Given that the current fuel surcharge agreement does not recover the full additional costs incurred, we were surprised that the Select Committee chose to recommend termination of an agreement which is heavily weighted in favour of passengers and freight and obliges the Company to absorb a significant proportion of additional fuel costs.

Application of the fuel surcharge

The fuel surcharge is reviewed twice a year in March and September. To stabilise fares, it is applied in arrears on the basis of the costs in the previous 6 months. Therefore, there is a time lag before surcharges are raised or reduced. As the price of fuel has fallen, we expect that there will be a decrease in surcharges at the next review in March 2009. Because of the Select Committee recommendation the existing surcharge agreement will end in May. Beyond May higher fuel costs will still need to be recouped either by a new surcharge mechanism or higher fares.

The current fuel surcharge arrangement with Government is intended to provide an element of price stability. The Select Committee recommendation to end it will cause considerable uncertainty for passengers.

An alternative to a fuel surcharge

Unlike other travel operators, we do not have the freedom to change fuel surcharges when fuel costs fluctuate because we have voluntarily submitted to a government controlled surcharge agreement. The cancellation of the current agreement will restore to us the right to impose and/or change surcharges and fares as conditions dictate.

Under the User Agreement, instead of a surcharge, the Steam Packet Company can introduce a permanent increase in prices reflecting the long term increase in fuel prices in excess of inflation. This would allow the company to recover the full cost of fuel above inflationary increases, not just a proportion as is the case with the current surcharge agreement.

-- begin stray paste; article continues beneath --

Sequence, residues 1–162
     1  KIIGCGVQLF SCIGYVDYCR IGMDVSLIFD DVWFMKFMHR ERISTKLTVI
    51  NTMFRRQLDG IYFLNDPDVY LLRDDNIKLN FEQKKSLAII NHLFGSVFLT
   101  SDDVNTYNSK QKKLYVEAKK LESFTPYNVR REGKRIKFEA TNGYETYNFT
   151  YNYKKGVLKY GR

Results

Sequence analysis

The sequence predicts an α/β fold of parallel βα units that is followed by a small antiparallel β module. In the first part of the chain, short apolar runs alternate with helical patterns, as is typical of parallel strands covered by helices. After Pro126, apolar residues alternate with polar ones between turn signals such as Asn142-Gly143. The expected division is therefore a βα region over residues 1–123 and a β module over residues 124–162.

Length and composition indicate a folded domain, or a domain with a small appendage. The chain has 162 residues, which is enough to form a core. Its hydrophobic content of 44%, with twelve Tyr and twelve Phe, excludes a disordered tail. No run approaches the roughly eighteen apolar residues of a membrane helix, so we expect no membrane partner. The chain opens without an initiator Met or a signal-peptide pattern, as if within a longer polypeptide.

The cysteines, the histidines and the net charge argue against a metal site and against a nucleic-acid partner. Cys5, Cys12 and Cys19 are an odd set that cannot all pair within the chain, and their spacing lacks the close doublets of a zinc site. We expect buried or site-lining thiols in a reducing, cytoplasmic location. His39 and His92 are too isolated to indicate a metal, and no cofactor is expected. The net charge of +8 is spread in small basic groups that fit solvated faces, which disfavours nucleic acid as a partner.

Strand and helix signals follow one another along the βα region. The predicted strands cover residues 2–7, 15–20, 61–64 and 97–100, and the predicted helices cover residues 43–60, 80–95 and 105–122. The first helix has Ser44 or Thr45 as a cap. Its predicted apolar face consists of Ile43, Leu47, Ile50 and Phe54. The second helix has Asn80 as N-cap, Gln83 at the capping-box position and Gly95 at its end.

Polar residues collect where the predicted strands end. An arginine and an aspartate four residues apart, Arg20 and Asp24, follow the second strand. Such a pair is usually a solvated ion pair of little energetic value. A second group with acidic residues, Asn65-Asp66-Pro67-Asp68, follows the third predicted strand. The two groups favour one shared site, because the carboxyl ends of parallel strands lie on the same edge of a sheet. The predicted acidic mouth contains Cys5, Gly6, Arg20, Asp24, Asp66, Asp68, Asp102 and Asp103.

If agreement cannot be reached on a new fuel surcharge, the Company may have to permanently increase fares to reflect the real increases in costs already incurred.

Key Points

• Freight prices cannot be considered in isolation as they subsidise the “very competitive” passenger fares.

• The current package of freight and passenger fares enables the provision of a reliable, high frequency service of conventional and fast craft to multiple destinations. This service exceeds the requirements of the User Agreement.

• An enforced reduction in freight fares would result in a reduction of passenger services both in frequency, and very likely, in destinations. It would also limit future investment in fleet and infrastructure. Over the last ten years there has been investment of more than £80million.

• The full impact of rising fuel prices has not been passed on to passengers or freight. The Company has absorbed an increasing amount of rising fuel costs year on year.

• The current fuel surcharge agreement provides an element of price stability and provides the flexibility that avoids permanent price increases as a result of rising fuel costs.

• The fuel surcharge calculation is based on a six-month time lag. While this may be considered unfair for infrequent travellers, for those who travel frequently over the longer term, rises and falls in the fuel surcharge are likely to balance out.

• Real-time application of a surcharge is likely to result in uncertainty of cost of travel.

• The Company is surprised with the Tynwald Select Committee recommendation to cancel the existing surcharge agreement. The Company believes this decision will result in higher costs and uncertainty for passengers.